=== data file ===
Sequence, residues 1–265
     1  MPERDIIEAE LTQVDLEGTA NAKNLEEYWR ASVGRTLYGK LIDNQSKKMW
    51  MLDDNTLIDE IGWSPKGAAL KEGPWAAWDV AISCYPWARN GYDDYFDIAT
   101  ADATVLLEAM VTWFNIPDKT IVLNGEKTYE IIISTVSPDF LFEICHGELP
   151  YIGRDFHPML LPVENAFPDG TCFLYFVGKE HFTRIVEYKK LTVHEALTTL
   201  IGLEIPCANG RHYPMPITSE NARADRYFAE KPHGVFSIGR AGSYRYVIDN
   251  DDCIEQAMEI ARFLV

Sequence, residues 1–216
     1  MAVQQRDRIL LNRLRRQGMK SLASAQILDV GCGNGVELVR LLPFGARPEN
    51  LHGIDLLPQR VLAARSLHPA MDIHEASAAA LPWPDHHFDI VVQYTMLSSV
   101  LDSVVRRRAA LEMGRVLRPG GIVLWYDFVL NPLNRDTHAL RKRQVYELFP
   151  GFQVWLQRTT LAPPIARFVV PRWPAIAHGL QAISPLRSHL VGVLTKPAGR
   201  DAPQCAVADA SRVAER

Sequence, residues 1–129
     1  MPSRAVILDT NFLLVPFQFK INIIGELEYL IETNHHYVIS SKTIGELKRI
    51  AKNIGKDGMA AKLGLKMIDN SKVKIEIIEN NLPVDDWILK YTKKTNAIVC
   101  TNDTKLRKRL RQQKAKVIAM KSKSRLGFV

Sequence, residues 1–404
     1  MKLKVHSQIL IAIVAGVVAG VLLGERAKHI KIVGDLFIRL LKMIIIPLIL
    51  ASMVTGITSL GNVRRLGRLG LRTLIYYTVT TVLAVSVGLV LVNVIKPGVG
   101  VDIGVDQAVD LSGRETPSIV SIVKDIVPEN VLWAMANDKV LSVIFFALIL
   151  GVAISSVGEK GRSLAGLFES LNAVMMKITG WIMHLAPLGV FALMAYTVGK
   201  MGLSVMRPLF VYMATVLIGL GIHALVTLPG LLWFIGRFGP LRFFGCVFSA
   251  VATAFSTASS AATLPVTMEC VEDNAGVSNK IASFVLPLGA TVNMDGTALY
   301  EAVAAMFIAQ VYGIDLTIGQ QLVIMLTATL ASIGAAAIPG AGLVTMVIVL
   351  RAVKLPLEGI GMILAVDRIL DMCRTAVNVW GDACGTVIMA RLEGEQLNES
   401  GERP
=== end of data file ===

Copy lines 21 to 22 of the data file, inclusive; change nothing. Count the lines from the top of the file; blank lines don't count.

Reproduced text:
   101  VDIGVDQAVD LSGRETPSIV SIVKDIVPEN VLWAMANDKV LSVIFFALIL
   151  GVAISSVGEK GRSLAGLFES LNAVMMKITG WIMHLAPLGV FALMAYTVGK